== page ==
In summer 2013 we set up experiments to manipulate Nepenthes within a Sarracenia habitat, the Tom Swamp bog at Harvard Forest in Petersham, MA (USA). Four different species of Nepenthes (N. ampullaria, N. bicalcarata, N. gracilis and N. rafflesiana) were purchased from Borneo Exotics via the ExoticPlantsPlus nursery in New York. Nepenthes plants were maintained in a greenhouse for two months after arriving from Southeast Asia, and then a growth chamber for a few weeks while pitchers were maturing for use in the field. Sarracenia purpurea plants were purchased from Meadowview Biological Research Station in Virginia, potted using purchased sphagnum peat and perlite, maintained in a greenhouse for three months, and used in the experiments as a control for whether growth in a pot influenced community assembly.

Experiment I had six treatments: S. purpurea growing naturally in the bog, S. purpurea in pots, N. ampullaria, N. gracilis and N. rafflesiana in pots, and empty, 50 mL sterile glass tubes used as a rough mimic of the pitcher shape. There were eight stations, and the experiment ran from June 26 – July 17. Pitchers were sampled for subsequent sequencing on days 14 and 21. Experiment II had five treatments: S. purpurea in the bog, S. purpurea in pots, N. ampullaria in pots, sterile glass tubes, and sterile glass tubes each filled with 30 mg of autoclaved, ground wasps as a nutrient and prey control. There were five stations, and the experiment ran from July 17 – September 4. Pitchers were sampled for subsequent sequencing on days 14, 35, and 49. Experiment III had six treatments: S. purpurea in the bog, N. ampullaria, N. rafflesiana and N. bicalcarata in pots, sterile glass tubes, and sterile glass tubes with prey. There were five stations, and the experiment ran from July 24 – September 10. Pitchers were sampled for subsequent sequencing on days 15, 35, and 48.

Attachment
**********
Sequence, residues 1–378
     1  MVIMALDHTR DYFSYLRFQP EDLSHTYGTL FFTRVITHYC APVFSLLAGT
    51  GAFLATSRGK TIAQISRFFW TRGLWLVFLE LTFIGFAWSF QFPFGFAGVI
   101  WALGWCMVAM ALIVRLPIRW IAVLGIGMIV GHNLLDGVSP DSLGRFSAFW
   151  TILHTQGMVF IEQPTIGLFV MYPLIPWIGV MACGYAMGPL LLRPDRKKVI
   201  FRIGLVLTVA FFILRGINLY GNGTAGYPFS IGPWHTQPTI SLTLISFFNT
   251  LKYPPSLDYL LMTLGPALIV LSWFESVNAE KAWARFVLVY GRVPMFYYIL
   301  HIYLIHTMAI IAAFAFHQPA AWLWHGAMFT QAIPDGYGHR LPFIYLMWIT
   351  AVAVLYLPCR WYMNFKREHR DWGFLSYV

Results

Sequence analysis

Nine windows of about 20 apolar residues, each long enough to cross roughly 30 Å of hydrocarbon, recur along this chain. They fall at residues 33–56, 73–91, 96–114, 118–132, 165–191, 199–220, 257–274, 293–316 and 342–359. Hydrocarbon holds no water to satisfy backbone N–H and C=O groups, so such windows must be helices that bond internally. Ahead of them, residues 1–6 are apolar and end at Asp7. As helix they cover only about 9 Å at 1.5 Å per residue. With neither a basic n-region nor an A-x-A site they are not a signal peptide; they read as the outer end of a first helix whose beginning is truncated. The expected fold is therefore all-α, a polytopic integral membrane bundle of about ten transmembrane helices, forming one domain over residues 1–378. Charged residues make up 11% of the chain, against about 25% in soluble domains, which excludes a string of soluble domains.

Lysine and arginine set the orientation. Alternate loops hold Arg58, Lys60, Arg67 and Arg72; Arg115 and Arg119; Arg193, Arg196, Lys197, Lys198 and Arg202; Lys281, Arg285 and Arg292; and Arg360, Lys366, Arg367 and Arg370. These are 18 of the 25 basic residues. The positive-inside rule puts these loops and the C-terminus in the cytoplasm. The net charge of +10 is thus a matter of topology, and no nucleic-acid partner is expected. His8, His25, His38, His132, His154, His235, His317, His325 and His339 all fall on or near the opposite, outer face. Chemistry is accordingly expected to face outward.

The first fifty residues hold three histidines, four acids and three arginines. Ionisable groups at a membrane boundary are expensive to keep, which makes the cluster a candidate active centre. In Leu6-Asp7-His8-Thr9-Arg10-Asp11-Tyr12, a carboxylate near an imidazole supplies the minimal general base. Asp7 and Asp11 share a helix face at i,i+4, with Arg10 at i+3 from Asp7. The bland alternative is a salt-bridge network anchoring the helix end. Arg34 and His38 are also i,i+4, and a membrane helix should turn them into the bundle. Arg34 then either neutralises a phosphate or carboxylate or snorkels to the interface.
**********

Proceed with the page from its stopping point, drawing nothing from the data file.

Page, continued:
To sample, we collected 750 uL of fluid from experimental pitchers and tubes using sterile transfer pipettes, as described above. At sampling, we also noted the presence or absence of pitcher plant mosquito larvae (Wyeomyia smithii) in pitchers. On the last day of each experiment, we collected entire pitcher contents. On the last days of Experiments II and III, we collected samples of bog water. All samples were stored in small tubes in a cooler with ice, and brought back to the laboratory, where they were frozen the same day. Subsequent analyses target only the last day’s sample from each pitcher or tube, so that no pitcher or tube is included more than once in the dataset.